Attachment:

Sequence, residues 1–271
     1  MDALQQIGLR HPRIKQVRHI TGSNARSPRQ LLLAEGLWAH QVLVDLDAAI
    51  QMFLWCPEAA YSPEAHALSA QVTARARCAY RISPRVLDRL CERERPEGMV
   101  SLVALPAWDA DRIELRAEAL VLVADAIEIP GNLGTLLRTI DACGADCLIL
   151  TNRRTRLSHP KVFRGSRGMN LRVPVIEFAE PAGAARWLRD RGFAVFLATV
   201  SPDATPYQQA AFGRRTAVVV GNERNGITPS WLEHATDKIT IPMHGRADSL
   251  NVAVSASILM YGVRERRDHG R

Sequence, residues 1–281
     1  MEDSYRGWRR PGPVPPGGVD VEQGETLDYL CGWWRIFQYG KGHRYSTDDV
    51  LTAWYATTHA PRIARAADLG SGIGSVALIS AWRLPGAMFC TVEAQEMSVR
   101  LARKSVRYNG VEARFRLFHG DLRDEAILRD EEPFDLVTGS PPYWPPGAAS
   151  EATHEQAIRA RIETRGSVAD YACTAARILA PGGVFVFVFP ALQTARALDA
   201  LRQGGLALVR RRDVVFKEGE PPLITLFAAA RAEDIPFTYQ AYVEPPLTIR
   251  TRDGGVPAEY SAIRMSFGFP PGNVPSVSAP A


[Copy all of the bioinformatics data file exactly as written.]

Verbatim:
Sequence, residues 1–271
     1  MDALQQIGLR HPRIKQVRHI TGSNARSPRQ LLLAEGLWAH QVLVDLDAAI
    51  QMFLWCPEAA YSPEAHALSA QVTARARCAY RISPRVLDRL CERERPEGMV
   101  SLVALPAWDA DRIELRAEAL VLVADAIEIP GNLGTLLRTI DACGADCLIL
   151  TNRRTRLSHP KVFRGSRGMN LRVPVIEFAE PAGAARWLRD RGFAVFLATV
   201  SPDATPYQQA AFGRRTAVVV GNERNGITPS WLEHATDKIT IPMHGRADSL
   251  NVAVSASILM YGVRERRDHG R

Sequence, residues 1–281
     1  MEDSYRGWRR PGPVPPGGVD VEQGETLDYL CGWWRIFQYG KGHRYSTDDV
    51  LTAWYATTHA PRIARAADLG SGIGSVALIS AWRLPGAMFC TVEAQEMSVR
   101  LARKSVRYNG VEARFRLFHG DLRDEAILRD EEPFDLVTGS PPYWPPGAAS
   151  EATHEQAIRA RIETRGSVAD YACTAARILA PGGVFVFVFP ALQTARALDA
   201  LRQGGLALVR RRDVVFKEGE PPLITLFAAA RAEDIPFTYQ AYVEPPLTIR
   251  TRDGGVPAEY SAIRMSFGFP PGNVPSVSAP A